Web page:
Epileptic encephalopathies of the Landau-Kleffner and continuous spike and waves during slow-wave sleep types: Genomic dissection makes the link with autism

Authors


Address correspondence to Pierre Szepetowski, Institut de Neurobiologie de la Méditerranée (INMED), Inserm UMR901, ‘Génétique des Epilepsies Isolées et Associées’ (GEIA) Group, Parc Scientifique de Luminy, BP 13, 13273 Marseille Cedex 09, France. E-mail: szepetowski@inmed.univ-mrs.fr or Damien Sanlaville, Groupement Hospitalier Est, Centre de Biologie et Pathologie Est, 59 Boulevard Pinel, 69677 Bron Cedex, France. E-mail: damien.sanlaville@chu-lyon.fr

Summary

Purpose:  The continuous spike and waves during slow-wave sleep syndrome (CSWSS) and the Landau-Kleffner (LKS) syndrome are two rare epileptic encephalopathies sharing common clinical features including seizures and regression. Both CSWSS and LKS can be associated with the electroencephalography pattern of electrical status epilepticus during slow-wave sleep and are part of a clinical continuum that at its benign end also includes rolandic epilepsy (RE) with centrotemporal spikes. The CSWSS and LKS patients can also have behavioral manifestations that overlap the spectrum of autism disorders (ASD). An impairment of brain development and/or maturation with complex interplay between genetic predisposition and nongenetic factors has been suspected. A role for autoimmunity has been proposed but the pathophysiology of CSWSS and of LKS remains uncharacterized.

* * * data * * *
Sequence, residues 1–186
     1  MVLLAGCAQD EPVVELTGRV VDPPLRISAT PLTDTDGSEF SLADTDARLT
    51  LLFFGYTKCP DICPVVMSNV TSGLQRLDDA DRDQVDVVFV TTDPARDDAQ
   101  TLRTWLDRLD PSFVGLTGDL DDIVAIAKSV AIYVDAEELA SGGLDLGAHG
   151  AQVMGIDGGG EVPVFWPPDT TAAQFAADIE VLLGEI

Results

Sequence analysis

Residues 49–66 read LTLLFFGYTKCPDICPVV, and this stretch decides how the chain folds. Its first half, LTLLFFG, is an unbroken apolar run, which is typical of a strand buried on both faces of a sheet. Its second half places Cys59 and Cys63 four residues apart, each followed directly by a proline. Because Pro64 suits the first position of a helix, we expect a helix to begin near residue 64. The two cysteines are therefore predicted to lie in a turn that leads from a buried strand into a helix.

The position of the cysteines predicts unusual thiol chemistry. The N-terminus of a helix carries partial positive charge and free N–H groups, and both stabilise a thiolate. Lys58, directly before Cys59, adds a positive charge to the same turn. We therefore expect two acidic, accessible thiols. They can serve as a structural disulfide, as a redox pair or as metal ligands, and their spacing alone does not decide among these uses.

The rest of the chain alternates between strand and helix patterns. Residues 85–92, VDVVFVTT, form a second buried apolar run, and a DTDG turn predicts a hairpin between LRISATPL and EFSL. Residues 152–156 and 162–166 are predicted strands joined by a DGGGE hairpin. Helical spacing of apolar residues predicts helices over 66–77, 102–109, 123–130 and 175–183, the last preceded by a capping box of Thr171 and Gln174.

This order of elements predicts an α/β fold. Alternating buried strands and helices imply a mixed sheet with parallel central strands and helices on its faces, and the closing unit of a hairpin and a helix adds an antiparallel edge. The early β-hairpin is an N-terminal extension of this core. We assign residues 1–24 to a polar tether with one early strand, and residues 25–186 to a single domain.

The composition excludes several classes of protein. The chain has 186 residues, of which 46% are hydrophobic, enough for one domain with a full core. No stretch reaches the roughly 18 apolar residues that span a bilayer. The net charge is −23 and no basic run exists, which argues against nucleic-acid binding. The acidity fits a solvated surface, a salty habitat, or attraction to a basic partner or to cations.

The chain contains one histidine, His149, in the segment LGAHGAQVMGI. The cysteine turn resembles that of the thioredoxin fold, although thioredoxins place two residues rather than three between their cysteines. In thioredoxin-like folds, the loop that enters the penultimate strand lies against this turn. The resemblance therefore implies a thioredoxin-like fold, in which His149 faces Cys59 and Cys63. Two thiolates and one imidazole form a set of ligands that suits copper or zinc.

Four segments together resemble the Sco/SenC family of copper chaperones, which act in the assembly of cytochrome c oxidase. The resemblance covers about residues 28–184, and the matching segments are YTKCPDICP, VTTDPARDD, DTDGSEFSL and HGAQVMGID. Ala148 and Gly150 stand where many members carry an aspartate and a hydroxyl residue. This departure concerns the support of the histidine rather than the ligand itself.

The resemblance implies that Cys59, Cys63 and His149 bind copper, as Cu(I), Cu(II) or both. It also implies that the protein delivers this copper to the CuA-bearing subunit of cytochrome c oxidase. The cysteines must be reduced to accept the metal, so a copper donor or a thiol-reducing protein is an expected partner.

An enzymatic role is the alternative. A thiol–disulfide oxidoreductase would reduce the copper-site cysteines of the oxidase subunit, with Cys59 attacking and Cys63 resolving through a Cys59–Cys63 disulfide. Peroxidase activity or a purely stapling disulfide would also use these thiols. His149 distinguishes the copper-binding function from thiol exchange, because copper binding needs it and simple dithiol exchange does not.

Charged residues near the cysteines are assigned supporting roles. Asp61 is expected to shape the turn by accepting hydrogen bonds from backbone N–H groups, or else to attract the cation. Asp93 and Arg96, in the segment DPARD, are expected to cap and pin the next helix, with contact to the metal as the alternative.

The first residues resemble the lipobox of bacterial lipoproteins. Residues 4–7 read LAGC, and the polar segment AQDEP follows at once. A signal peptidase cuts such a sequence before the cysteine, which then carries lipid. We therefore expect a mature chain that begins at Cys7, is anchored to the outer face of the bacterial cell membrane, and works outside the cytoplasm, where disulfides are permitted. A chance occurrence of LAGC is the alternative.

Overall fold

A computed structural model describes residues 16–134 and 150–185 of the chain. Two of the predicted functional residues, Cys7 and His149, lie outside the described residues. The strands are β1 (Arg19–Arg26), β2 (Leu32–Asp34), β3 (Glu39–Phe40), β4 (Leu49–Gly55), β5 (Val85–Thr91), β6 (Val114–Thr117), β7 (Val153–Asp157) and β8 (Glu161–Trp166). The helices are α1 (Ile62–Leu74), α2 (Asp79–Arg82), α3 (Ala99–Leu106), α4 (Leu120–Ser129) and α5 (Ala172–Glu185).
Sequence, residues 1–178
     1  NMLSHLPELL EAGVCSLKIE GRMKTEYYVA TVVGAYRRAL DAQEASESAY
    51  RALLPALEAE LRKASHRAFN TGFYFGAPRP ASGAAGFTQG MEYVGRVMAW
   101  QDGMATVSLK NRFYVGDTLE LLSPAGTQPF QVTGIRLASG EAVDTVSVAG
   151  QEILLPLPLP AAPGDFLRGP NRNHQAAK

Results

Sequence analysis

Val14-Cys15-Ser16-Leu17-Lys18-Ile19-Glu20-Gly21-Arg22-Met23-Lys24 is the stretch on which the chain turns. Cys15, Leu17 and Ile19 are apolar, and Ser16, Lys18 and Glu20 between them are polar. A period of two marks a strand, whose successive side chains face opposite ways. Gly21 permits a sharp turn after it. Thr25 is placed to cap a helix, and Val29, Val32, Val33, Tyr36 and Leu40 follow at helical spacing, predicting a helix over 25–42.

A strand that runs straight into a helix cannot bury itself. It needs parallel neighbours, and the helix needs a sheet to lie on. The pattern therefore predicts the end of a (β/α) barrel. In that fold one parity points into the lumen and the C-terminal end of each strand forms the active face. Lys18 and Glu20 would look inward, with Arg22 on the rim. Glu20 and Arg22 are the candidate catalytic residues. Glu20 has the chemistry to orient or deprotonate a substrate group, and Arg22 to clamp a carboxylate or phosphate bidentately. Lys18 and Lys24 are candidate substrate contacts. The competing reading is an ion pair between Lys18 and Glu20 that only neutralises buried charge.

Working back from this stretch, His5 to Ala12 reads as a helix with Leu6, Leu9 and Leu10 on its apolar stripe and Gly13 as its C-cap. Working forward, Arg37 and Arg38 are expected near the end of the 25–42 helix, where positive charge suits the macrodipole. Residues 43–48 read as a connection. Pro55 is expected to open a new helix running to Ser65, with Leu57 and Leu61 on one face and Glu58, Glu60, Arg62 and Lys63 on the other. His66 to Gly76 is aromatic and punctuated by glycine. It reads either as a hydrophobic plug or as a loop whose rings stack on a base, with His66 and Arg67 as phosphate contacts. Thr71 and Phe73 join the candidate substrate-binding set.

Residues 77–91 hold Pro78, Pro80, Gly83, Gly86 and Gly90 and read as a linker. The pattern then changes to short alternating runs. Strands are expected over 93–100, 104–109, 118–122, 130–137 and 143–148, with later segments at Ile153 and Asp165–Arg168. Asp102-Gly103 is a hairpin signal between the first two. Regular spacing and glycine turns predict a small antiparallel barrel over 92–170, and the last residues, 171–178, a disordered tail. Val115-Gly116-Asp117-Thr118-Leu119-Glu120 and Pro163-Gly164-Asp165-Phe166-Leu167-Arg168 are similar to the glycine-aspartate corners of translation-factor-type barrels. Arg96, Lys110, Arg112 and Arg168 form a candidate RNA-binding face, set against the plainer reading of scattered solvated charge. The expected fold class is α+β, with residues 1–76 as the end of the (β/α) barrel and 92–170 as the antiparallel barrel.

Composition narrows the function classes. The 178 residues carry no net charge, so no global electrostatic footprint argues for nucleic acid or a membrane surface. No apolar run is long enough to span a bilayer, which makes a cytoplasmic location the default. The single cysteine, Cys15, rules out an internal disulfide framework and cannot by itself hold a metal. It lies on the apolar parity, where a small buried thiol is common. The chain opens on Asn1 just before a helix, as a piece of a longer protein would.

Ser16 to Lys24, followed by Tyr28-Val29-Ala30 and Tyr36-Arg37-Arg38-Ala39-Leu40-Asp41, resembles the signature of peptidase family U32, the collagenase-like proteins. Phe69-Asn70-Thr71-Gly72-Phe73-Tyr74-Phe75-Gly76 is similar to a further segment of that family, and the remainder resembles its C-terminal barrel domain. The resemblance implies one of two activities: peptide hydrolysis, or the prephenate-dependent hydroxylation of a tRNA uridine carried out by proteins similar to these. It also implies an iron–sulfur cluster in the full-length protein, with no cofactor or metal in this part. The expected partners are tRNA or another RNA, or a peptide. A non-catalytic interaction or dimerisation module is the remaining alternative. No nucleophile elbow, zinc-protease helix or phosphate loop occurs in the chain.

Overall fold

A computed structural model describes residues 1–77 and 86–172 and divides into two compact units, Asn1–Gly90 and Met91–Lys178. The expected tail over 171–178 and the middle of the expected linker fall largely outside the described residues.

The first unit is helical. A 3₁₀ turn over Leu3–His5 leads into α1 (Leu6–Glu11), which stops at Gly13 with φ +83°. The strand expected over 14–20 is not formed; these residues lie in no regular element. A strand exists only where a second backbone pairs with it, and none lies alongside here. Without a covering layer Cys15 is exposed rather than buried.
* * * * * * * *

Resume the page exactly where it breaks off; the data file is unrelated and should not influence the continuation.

Methods:  In recent years, the participation of rare genomic alterations in the susceptibility to epileptic and autistic disorders has been demonstrated. The involvement of copy number variations (CNVs) in 61 CSWSS and LKS patients was questioned using comparative genomic hybridization assays coupled with validation by quantitative polymerase chain reaction (PCR).

Key Findings:  Whereas the patients showed highly heterogeneous in genomic architecture, several potentially pathogenic alterations were detected. A large number of these corresponded to genomic regions or genes (ATP13A4, CDH9, CDH13, CNTNAP2, CTNNA3, DIAPH3, GRIN2A, MDGA2, SHANK3) that have been either associated with ASD for most of them, or involved in speech or language impairment, or in RE. Particularly, CNVs encoding cell adhesion proteins (cadherins, protocadherins, contactins, catenins) were detected with high frequency (≈20% of the patients) and significant enrichment (cell adhesion: p = 0.027; cell adhesion molecule binding: p = 9.27 × 10−7).

Significance:  Overall our data bring the first insights into the possible molecular pathophysiology of CSWSS and LKS. The overrepresentation of cell adhesion genes and the strong overlap with the genetic, genomic and molecular ASD networks, provide an exciting and unifying view on the clinical links among CSWSS, LKS, and ASD.

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